With the economy being unpredictable these days, many long-time executives are losing their jobs as a result of downsizing. Stay-at-home moms are finding a need to look outside the home to help supplement their family’s income, and even teachers are being laid off due to larger class sizes and trimming of budgets in many school districts across the country.
However, even though our economic times may be stormy, parents still spend millions of dollars on supplemental education for their pre-college-aged children. Large class size mean less individual attention and competition to be admitted to a top university gets more difficult all the time.
This situation makes it worthwhile to look towards an entrepreneurial venture such as a tutor referral service. The owner finds qualified tutors and matches them with students in need of one-on-one, in-home tutoring.
Want to know how to start your own home-based tutoring business? One savvy entrepreneur shares her top seven tips:
1) Be realistic when defining the area you will service. You can always expand once your business takes off. Since you will be home-based, a good rule of thumb is to offer your services within a half hour drive or 30 miles from your home office.
2) Keep your overhead low. There is no need to rent or lease office space. Compare prices on phone service, a good computer, internet service, etc., and budget accordingly. Whether it’s a hallway with a desk or a spare bedroom, be sure you have the necessities to conduct business from your home in a professional, comfortable way.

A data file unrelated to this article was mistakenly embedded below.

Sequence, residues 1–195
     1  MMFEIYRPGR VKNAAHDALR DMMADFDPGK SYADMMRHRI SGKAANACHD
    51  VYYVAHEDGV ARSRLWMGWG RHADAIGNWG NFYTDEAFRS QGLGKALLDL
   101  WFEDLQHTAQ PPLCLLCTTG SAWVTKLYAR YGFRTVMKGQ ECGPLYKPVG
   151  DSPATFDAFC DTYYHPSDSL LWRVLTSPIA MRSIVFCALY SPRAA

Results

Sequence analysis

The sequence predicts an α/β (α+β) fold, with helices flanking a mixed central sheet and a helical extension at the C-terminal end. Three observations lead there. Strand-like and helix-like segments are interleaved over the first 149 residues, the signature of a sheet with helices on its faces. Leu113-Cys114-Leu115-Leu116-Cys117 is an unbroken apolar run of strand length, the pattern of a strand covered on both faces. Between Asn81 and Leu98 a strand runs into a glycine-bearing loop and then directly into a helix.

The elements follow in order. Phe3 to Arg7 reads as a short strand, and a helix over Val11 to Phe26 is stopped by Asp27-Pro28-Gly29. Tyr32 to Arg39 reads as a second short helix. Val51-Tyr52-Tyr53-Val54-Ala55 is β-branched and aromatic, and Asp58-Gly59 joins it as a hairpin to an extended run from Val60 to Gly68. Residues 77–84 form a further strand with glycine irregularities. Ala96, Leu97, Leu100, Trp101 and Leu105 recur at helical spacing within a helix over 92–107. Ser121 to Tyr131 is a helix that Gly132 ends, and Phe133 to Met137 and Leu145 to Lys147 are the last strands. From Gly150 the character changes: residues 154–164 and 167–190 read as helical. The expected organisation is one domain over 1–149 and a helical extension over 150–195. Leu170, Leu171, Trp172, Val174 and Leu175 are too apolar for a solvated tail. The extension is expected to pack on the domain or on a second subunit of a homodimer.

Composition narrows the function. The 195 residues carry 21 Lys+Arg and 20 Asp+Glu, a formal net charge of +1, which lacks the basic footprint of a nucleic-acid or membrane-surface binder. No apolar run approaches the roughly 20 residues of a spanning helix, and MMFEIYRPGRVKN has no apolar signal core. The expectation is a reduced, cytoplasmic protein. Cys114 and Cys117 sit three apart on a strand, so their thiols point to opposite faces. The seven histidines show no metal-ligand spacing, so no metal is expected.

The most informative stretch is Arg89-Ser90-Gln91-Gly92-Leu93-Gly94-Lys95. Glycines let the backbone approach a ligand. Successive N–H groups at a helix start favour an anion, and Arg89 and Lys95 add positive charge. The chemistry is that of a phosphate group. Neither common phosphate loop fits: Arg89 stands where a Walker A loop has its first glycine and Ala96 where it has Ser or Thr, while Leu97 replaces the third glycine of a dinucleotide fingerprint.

3) Shop around for a web designer who will optimize your site for maximum hits and exposure. Prepare for approximately 75 percent to 80 percent of your business to be web-generated. Be certain that your website provides detailed information in a simple, friendly, informative way. Let your target audience get to know you by browsing through your site -- your personality should be reflected throughout your web pages. Make sure one of your web pages is devoted to “press.”
4) Shop your competition frequently to ensure your rates are not the highest, but not the lowest either. Charge a modest one-time registration fee. Adjust your rates accordingly based on supply and demand; secondary math tutoring will always command a higher rate than elementary school tutoring.
5) Avoid turnover amongst your tutors -- interview thoroughly and be sure you are comfortable with the people who will be representing your company in the field. Conduct background checks to verify your prospective tutors’ identity as well as criminal records, etc. Better safe than sorry when it comes to sending tutors to your clients’ homes.
6) Get lots of press coverage. Be sure to toot your horn. Write articles and press releases, get press coverage locally, sponsor a local sports team, and get your name out there! Order magnetic signs for your automobile, carry your business cards with you at all times, join a networking group that is made up of parents with school-age children.